Climate-driven hydrologic transients in lake sediment records: Multiproxy record of mid-Holocene drought

Alison J. Smith, Joseph J. Donovan, Emi Ito, Daniel R. Engstrom, Valerie A. Panek

Research output: Contribution to journalArticlepeer-review

49 Scopus citations


Oxygen and carbon isotopes, trace element concentrations, and ostracode paleoecology are used with ground water flow modeling to assess the magnitude of climate-driven hydrologic changes during mid-Holocene time for Elk Lake, Grant County, Minnesota. During mid-Holocene time, two extended droughts were recorded in the sediment record from Elk Lake at 5385 and 5221 calendar yr BP. A drop in lake level to 14.9 m below the 1994 level and 10.0 m below the maximum 1930s decline at about 5385 calendar yr BP is interpreted for Elk Lake and its water table, based on Heterocypris fretensis occurrence and higher δ18O, δ13C, and Mg/Ca values. Numerical modeling suggests this "low-water" event could have resulted from conditions drier than those of the 1930s drought, sustained over a time frame of approximately a century. The later drought event at approximately 5221 calendar yr BP is marked by a shift in the dominant source of water to Elk Lake from surface run-off to ground water from the till aquifer. The shift in source water is identified by lower δ18O values and the presence of Limnocythere staplini. Estimates of climatic sensitivity for Holocene lakes should not be directly based on modern conditions, but must take into account the changing shape of the lake basin through time and its effect on the paleohydrology.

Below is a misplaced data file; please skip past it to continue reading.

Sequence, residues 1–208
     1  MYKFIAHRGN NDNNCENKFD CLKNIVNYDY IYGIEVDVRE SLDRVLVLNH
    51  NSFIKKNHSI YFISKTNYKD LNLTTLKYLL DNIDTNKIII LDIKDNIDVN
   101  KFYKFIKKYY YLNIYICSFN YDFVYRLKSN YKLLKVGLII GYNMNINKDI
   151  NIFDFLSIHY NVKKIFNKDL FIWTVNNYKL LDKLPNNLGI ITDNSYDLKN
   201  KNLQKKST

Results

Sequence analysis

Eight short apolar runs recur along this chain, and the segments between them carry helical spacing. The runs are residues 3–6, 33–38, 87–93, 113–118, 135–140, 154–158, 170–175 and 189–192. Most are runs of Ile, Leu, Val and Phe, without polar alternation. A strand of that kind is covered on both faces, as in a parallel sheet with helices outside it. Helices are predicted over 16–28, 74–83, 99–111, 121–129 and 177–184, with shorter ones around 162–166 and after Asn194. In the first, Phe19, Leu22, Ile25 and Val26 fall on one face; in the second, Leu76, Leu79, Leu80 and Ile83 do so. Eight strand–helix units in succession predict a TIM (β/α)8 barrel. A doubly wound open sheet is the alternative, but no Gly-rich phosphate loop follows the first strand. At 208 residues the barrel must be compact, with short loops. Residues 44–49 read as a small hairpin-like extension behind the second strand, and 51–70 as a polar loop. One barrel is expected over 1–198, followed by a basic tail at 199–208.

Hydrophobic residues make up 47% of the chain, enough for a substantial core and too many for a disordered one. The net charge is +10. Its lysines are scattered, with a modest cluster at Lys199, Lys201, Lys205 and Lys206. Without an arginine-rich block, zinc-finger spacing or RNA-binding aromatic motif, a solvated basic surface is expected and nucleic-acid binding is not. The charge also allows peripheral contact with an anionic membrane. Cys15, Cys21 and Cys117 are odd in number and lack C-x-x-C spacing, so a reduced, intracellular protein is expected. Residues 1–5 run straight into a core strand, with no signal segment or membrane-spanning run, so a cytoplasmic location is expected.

Original languageEnglish (US)
Pages (from-to)625-646
Number of pages22
JournalQuaternary Science Reviews
Issue number4-6
StatePublished - 2002

Bibliographical note

Funding Information:
This research was funded by the National Science Foundation (NSF) Hydrologic Sciences grant EAR-9304741. The stable isotope analyses (Ito) were funded in part by grants from the NSF (BIR-9014277 and EAR-9406183) and the University of Minnesota. We thank Rick Forester (USGS) for helpful discussions. John Carney and Joan Puller (KSU), Brian Haskell, Eric Gong (UMN), and Red Westrum (Hoffman, MN) assisted in the field and the lab. We thank Walt Dean (USGS) and an anonymous reviewer for helping to improve this paper. This is a PRAIRIE ( P aleoecological R econstructions of A ridity: I nterdisciplinary R esearch I nitiativ E ) contribution, and LRC contribution 581.

Copyright 2008 Elsevier B.V., All rights reserved.


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